Mony remembers saying her name over and over again in his mind because he wanted to memorize it together with his Chalice sponsorship number.

“I mean, it’s a stranger that you don’t now know that decided to invest in your future,” said Mony. “The kind of emotion that one has in hearing of such news cannot be clearly explained. I was just thankful. That’s the simplest way I can put it.”

Most of the boys that attended Starehe school were also sponsored through Chalice. They were all encouraged to write letters to their sponsors and keep in touch.

Mony said delivery days were an event at the school. He and his friends would sit together under the shade of a tree to share stories from their sponsors and then talk about what they would write back.

“The letters were precious not just because they came from our sponsors but because they were from outside of Kenya,” he said. “It had that exotic feeling to it.”

When letters arrived in Spoelstra’s mailbox, it was an event for the family, too.

“It was very, very exciting when we would get a letter in the mailbox,” said Spoelstra. “We would sit down and read it and see the pictures and we became very connected. This person is sharing their life and their aspirations. For me, it was a parental connection.”

Spoelstra has sponsored many children through Chalice and various organizations. In fact, it was her late husband Stuart who first began sponsoring children in his early 20s. When they were married in 2001, the couple decided it was something that they would continue to do.

Stuart died of brain cancer last year, but Spoelstra hopes to continue sponsoring children for many years to come.

“It is a privilege to be able to help someone,” said Spoelstra. “I feel just as grateful probably as Eddie. We’re so happy and so grateful that we’re able to do this.”

Spoelstra said watching a child’s life change because of your individual support is the most humbling experience. Sponsoring a child is contagious, she adds.

In fact, her daughter, Julianna Psarris, is sponsoring a child in India through Chalice. Psarris has written a new novel entitled The Faded Yellow Envelope, and will be donating 70 per cent of profits to Chalice’s sponsorship program.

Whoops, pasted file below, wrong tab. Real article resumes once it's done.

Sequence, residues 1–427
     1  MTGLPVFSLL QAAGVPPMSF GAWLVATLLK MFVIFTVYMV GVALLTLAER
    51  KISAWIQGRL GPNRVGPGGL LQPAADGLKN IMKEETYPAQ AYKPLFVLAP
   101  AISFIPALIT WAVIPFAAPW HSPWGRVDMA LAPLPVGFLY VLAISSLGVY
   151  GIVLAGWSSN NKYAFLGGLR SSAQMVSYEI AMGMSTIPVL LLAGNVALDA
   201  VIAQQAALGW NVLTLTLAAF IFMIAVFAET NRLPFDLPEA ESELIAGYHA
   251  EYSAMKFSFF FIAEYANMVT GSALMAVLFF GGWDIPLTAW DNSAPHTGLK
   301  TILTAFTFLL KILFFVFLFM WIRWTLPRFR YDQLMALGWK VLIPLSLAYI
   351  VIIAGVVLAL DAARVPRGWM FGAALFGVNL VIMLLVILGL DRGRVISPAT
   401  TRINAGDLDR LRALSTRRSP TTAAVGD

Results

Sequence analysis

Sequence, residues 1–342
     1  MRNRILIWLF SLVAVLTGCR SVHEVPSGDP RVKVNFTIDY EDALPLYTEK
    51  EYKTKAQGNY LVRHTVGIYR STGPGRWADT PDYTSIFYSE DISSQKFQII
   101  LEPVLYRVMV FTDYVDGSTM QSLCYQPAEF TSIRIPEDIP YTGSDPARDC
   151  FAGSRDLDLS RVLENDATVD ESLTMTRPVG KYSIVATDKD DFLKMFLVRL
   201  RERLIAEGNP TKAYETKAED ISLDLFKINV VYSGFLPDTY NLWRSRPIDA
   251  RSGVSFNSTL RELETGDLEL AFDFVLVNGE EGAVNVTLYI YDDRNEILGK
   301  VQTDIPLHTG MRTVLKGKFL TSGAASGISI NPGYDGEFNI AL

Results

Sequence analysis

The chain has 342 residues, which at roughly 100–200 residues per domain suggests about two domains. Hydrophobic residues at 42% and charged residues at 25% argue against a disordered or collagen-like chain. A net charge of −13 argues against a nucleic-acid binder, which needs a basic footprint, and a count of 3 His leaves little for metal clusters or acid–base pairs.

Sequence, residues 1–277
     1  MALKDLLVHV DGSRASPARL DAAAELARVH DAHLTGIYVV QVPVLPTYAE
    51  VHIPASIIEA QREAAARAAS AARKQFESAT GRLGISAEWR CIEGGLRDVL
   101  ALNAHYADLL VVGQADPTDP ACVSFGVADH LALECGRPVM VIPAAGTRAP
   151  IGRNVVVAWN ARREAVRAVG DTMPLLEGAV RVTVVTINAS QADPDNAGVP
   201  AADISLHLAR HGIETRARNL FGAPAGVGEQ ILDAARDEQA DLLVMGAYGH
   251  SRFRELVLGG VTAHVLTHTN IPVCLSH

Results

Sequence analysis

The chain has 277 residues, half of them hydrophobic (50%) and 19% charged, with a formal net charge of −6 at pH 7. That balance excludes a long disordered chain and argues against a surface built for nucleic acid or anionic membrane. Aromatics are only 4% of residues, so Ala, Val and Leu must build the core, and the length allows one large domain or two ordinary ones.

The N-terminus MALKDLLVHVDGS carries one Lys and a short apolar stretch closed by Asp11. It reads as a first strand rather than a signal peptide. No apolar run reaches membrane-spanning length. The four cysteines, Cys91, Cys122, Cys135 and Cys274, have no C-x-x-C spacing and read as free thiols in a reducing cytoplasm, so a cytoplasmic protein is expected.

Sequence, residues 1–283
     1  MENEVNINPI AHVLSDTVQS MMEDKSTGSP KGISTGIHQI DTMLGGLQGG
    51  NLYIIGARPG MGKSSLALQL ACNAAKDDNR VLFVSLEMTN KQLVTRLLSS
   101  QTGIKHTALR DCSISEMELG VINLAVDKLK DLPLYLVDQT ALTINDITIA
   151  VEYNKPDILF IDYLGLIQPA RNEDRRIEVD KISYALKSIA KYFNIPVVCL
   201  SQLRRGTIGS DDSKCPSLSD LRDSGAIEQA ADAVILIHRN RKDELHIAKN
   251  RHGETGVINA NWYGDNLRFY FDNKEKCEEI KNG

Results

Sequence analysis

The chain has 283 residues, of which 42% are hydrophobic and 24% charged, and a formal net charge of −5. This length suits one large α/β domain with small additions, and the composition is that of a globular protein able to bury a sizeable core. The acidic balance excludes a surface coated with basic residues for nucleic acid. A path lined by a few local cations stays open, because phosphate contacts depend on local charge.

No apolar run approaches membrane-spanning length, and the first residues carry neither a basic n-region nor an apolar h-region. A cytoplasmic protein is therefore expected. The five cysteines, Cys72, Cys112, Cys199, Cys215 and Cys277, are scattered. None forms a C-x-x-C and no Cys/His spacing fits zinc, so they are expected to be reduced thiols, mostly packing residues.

Spoelstra sponsored Mony through his four years in high school and his first two years at Kenyatta University. Mony has since transitioned out of the sponsorship program but they still keep in touch via e-mail. They communicate almost every day, especially as they have been planning for their upcoming concert.

Mony said he will always be grateful for the opportunities he was afforded through Chalice, and now through his partial scholarship and support from the Martyn Donaldson Music Trust.

He dedicates his summers going back to his high school in Kenya, volunteering as a music teacher.

“It’s me giving back to my society,” said Mony. “Besides having good Kenyan music teachers at Starahe, I was inspired by a volunteer from the Martyn Donaldson Trust music program…. Now, I volunteer to do the same for someone else.”

Mony tells the young boys stories of when he was in their position. He tells them that it’s possible to pursue their dreams.

“I don’t really talk to them about (Chalice) because they all realize the importance of that sponsorship because of their background,” he said. “Thousands and thousands of students have graduated from Starehe who were supported by Chalice and other organizations and their lives have never been the same.”

Comments (0)

There are no comments posted here yet

Leave your comments

Posting comment as a guest. Sign up or login to your account.
Attachments (0 / 3)
Share Your Location